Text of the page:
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One of Everybody

What is it about those we sometimes deem the “lesser” individuals of society that usually makes them the most indiscriminate? I’ve had this installment from the American Life in Poetry project sitting in my mailbox for a while. It is one of my favorites of Mr. Kooser’s selections.

The homeless, the “crazy,” the children… they so often tend to see past the outward appearances or trapping s of status and find a commonality in being a person. I see it in my own children. We went to the local McDonald’s playland yesterday for lunch, and I noticed how easily the children play together even though they don’t know one another. They never notice the color of the other’s skin or the type of clothes they are wearing. They wave at strangers. They always watch out for Baby Girl, even though (at 19 months) she slows down the climbing and sliding process. They always ask “are you ok,” when someone falls down.

I’ve noticed that when we suddenly “arrive” at the station in life we feel we deserve with the requisite education, religion, possessions, network or reputation in tow, sometimes we forget those simple commonalities, the simple discipline of indiscrimination. It’s easy to see how the equal opportunity gathering of signatures was so memorable to the poet. She immortalized the open-hearted decision that all signatures were welcome and valued the same. She took pride in including hers among the thousands. It’s a much-needed reminder that “I am one of everybody.”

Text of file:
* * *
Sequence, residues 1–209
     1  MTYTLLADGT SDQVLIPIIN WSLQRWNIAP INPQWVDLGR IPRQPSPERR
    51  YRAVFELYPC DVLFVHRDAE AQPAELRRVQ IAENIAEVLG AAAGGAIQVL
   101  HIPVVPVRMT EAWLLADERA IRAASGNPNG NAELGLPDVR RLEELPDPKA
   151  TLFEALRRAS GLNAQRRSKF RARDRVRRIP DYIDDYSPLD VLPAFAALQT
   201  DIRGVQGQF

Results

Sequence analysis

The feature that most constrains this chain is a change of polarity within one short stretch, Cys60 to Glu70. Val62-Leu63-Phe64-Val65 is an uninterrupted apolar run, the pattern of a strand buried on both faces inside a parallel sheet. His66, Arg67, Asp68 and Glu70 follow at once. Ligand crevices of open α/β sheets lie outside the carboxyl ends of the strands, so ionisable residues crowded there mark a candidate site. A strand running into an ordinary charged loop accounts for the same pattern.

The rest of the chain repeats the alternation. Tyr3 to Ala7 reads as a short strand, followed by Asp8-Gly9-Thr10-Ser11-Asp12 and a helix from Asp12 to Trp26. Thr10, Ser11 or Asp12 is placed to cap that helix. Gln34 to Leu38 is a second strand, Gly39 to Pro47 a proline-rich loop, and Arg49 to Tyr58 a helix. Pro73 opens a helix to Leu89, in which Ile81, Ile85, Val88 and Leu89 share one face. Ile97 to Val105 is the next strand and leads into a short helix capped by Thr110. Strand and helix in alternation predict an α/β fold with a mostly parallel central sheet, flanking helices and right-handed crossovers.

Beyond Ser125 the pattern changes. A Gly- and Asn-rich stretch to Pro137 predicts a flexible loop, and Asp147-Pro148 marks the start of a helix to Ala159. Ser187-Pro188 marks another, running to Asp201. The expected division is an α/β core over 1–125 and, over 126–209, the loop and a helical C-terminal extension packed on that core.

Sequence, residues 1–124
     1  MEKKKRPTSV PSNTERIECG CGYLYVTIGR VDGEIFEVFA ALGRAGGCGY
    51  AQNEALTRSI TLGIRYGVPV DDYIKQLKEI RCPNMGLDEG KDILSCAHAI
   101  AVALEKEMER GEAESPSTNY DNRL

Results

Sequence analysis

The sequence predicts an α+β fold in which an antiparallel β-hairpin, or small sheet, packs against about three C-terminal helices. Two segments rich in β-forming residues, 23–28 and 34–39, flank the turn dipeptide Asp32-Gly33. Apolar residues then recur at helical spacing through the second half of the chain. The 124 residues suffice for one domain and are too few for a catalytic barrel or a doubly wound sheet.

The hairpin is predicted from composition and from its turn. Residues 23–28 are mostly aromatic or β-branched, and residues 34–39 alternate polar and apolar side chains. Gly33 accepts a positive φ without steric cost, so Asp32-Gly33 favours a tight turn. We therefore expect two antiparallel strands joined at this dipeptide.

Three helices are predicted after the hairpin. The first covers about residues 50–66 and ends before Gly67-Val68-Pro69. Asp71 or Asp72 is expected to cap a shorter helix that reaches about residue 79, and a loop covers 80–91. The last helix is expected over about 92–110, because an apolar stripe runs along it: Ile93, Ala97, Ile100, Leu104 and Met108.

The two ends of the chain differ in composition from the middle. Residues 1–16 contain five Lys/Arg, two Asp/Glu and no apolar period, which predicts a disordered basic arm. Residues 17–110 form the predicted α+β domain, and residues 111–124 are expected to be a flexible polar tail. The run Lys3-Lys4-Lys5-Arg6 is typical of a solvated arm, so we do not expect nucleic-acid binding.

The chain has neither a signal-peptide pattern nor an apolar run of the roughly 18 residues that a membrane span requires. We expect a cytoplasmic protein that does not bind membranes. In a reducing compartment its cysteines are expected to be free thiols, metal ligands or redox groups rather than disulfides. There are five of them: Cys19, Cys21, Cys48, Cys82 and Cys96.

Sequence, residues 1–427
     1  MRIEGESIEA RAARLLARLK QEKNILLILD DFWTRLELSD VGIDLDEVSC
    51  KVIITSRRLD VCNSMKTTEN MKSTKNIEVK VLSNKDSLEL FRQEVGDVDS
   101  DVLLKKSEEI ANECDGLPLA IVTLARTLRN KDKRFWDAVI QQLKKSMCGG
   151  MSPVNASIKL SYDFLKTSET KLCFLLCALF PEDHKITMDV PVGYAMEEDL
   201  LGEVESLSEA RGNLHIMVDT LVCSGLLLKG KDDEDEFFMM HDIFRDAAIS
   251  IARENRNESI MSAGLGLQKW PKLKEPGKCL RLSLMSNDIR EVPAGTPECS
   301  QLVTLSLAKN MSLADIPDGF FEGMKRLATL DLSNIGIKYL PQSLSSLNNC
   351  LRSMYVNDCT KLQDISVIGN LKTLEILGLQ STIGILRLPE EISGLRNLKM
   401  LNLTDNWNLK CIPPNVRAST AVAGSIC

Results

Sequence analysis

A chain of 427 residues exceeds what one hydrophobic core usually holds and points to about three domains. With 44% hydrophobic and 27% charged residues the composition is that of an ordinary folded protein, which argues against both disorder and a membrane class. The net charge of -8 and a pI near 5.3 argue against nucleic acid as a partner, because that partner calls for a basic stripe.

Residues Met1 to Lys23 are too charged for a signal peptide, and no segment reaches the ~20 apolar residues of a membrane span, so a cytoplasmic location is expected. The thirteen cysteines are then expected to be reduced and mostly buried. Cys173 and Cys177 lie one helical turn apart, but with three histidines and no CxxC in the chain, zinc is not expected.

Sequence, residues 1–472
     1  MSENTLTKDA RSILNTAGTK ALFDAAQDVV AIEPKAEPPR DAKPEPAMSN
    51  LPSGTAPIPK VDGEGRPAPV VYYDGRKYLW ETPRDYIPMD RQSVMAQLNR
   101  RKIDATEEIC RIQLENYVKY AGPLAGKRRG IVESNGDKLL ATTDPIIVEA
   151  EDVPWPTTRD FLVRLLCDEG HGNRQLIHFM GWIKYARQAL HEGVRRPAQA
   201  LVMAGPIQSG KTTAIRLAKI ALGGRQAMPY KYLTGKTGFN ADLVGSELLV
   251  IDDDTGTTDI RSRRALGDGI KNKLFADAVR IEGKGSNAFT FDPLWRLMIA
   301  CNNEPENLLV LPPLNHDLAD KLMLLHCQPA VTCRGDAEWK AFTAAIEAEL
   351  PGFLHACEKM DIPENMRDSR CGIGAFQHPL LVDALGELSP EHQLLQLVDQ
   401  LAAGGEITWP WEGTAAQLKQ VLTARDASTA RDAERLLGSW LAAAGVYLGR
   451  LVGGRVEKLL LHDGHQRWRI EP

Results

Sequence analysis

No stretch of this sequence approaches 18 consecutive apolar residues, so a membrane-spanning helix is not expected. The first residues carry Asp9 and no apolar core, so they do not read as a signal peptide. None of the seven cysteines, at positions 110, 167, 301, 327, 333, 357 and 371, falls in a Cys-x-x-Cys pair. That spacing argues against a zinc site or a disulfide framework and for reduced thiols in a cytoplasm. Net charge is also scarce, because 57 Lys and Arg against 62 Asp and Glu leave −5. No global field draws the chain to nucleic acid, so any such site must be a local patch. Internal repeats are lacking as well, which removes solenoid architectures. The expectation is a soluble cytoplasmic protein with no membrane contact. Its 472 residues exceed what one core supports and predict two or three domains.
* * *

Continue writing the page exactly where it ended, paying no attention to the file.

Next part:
American Life in Poetry: Column 243
BY TED KOOSER, U.S. POET LAUREATE, 2004-2006

Lots of contemporary poems are anecdotal, a brief narration of some event, and what can make them rise above anecdote is when they manage to convey significance, often as the poem closes. Here is an example of one like that, by Marie Sheppard Williams, who lives in Minneapolis.

Everybody

I stood at a bus corner
one afternoon, waiting
for the #2. An old
guy stood waiting too.
I stared at him. He
caught my stare, grinned,
gap-toothed. Will you
sign my coat? he said.
Held out a pen. He wore
a dirty canvas coat that
had signatures all over
it, hundreds, maybe
thousands.
I’m trying
to get everybody, he
said.
I signed. On a
little space on a pocket.
Sometimes I remember:
I am one of everybody.

American Life in Poetry is made possible by The Poetry Foundation (www.poetryfoundation.org), publisher of Poetry magazine. It is also supported by the Department of English at the University of Nebraska, Lincoln. Poem copyright ©2008 by David Lee Garrison, whose most recent book of poems is Sweeping the Cemetery: New and Selected Poems, Browser Books Publishing, 2007. Poem reprinted from Rattle, Vol. 14, No. 2, Winter 2008, by permission of David Lee Garrison and the publisher. Introduction copyright © 2009 by The Poetry Foundation. The introduction’s author, Ted Kooser, served as United States Poet Laureate Consultant in Poetry to the Library of Congress from 2004-2006. We do not accept unsolicited manuscripts.

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